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Atlas of Novel Tectonics By Reiser + Umemoto Princeton Architectural Press, 2006. 256pp. £15.99 It is extremely difficult not to quite like this book by envogue New York architects Jesse Reiser and Nanako Umemoto.

Roughly A5 in size with rounded corners, its cover at a distance is vaguely moleskin but, close up, a nice dull black plastic, with a lightly embossed woodgrain pattern - a purposeful but unclear design.

A bit like the book's contents.

Inside, the black and white illustrations are as you might expect, but the colour plates are pasted in as they were in art books a century ago. Pasted.

So, from the beginning, it's tactile and retro.

Here is a very serious attempt to grapple with current modes of architectural thought, problems of geometry, and those old demons to do with materials, non-orthogonal from, structure and content. But you feel you should not quite like the book because its mode of argument is sloppy and inconclusive and, in that bad old academic tradition, often deploys whole paragraphs when a few descriptive words would do. And the argument is not sustained - merely a lot of little one- and two-page aperçus and propositions.

Nothing wrong with that - a kind of Aesop's Fables for architecture grouped under sections headed Geometry, Matter, Operating, Common Errors to Avoid, and The World.

The trouble is that, at the end, you realise you have forgotten too many of them for the whole thing to readily cohere.

The choice is to go back through the text or down the pub - where you'll find a lot of people arguing in the same bits-and-pieces, disconnected way. But there you get the general drift of the argument because you can act as interlocutor and tease it out.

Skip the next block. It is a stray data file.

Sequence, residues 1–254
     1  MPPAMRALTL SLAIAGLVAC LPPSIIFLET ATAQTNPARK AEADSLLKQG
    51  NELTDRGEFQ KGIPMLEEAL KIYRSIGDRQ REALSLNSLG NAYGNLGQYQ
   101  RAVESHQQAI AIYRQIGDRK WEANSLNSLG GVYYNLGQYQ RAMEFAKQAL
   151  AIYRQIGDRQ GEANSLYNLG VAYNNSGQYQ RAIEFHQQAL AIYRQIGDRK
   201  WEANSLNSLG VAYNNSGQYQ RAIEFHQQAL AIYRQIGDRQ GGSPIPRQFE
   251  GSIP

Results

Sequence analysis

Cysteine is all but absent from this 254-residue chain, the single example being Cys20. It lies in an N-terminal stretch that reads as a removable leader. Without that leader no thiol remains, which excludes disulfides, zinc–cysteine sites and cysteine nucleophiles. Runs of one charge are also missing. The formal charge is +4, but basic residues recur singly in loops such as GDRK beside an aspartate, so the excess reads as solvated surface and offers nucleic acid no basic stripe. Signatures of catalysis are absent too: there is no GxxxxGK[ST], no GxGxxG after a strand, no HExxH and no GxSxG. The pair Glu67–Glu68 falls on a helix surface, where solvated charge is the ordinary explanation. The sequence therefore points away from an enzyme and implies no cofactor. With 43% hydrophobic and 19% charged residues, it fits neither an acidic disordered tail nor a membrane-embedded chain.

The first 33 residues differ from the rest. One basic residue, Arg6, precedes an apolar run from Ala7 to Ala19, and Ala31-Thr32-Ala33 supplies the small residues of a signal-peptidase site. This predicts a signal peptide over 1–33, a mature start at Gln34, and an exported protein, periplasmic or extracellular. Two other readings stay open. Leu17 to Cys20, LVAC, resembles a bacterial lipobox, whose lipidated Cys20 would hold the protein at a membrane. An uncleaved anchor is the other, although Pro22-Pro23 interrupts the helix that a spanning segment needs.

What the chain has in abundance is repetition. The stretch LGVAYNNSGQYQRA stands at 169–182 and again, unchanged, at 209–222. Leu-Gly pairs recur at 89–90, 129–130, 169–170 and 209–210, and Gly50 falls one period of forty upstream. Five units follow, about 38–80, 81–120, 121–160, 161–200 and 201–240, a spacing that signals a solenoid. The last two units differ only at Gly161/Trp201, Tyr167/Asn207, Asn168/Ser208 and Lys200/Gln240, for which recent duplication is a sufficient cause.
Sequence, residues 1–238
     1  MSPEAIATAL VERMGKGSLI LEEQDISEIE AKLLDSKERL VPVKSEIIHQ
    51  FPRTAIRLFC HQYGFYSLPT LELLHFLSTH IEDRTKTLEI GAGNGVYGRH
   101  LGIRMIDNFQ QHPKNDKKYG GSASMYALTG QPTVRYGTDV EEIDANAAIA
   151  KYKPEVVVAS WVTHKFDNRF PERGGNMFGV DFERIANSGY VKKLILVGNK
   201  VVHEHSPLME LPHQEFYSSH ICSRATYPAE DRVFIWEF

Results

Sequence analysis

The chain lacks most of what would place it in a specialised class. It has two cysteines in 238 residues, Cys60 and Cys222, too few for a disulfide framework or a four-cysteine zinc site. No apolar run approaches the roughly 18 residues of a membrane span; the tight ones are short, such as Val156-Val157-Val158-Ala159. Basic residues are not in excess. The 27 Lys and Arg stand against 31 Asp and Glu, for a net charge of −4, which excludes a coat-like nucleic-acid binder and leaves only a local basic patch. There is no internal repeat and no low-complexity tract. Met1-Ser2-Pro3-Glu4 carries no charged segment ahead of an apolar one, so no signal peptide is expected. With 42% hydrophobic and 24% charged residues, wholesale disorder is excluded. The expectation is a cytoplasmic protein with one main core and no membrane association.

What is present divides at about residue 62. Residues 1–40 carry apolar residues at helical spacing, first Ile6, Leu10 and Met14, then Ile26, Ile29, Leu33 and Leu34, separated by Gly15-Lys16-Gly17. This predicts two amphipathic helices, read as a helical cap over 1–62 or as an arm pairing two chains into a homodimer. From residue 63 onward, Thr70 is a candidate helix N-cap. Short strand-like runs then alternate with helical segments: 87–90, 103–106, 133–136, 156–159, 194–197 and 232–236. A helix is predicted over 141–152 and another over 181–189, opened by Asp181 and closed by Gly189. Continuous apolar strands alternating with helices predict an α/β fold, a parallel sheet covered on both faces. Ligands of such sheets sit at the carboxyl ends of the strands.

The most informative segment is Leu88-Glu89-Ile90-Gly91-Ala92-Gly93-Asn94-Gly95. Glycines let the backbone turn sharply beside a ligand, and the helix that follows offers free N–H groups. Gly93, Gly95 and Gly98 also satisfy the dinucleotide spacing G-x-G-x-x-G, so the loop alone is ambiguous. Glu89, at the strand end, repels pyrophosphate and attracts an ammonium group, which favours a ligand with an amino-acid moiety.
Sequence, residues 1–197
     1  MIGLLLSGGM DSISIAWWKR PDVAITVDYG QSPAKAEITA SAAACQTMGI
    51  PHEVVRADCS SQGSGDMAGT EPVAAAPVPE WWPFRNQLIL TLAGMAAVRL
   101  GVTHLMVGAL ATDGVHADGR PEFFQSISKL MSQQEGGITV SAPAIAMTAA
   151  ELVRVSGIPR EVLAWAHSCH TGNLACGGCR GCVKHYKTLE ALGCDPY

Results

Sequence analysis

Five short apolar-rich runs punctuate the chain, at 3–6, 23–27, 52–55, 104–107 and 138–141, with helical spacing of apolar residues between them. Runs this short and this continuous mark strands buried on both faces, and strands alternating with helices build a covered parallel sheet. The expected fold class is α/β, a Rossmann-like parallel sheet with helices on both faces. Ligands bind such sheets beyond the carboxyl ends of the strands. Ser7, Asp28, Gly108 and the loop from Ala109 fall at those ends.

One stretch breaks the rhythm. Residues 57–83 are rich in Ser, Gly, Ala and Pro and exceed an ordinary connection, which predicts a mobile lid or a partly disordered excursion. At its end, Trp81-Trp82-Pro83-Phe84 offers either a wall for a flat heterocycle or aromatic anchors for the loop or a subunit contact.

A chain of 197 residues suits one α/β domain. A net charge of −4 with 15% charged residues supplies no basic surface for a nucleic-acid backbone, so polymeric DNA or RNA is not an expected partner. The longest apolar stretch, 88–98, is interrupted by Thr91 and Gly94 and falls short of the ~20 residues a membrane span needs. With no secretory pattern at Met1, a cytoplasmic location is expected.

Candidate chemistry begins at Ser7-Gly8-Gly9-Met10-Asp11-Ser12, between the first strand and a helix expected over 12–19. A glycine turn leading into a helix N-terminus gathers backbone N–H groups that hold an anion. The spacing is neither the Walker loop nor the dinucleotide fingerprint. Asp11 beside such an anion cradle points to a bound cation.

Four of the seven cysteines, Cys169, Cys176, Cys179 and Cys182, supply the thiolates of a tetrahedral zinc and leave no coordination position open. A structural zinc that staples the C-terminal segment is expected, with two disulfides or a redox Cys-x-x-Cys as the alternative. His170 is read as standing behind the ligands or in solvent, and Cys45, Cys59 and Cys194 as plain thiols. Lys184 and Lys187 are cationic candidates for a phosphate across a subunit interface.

In a book it doesn't really work that way unless you, the reader, have a photographic memory, or the text contains really exciting insights, or is interactive, or at least can be interrogated. Or if the authors decide to collect their strands together and come clean about what they really mean about everything.

So what is there left to like? Well, this seems to be an attempt to do a Complexity and Contradiction for the modern architectural age. As with the Venturis' book, some of the propositions are attractive, but while Complexity had really novel insights, Atlas of Novel Tectonics has, mostly, fairly well-discussed ideas which are expounded full-on but then simply trickle away.

Quite at random, Reiser + Umemoto raise Deleuze's notion of exact, inexact and anexact geometries. It is an interesting preliminary proposition. But it leads, after a few more paragraphs, to no more than a set of slightly portentous generalisations.

What the Princeton editor has consistently failed to do is ask the authors exactly what they mean and, with this established, how and why it could be true.

And whether it matters.

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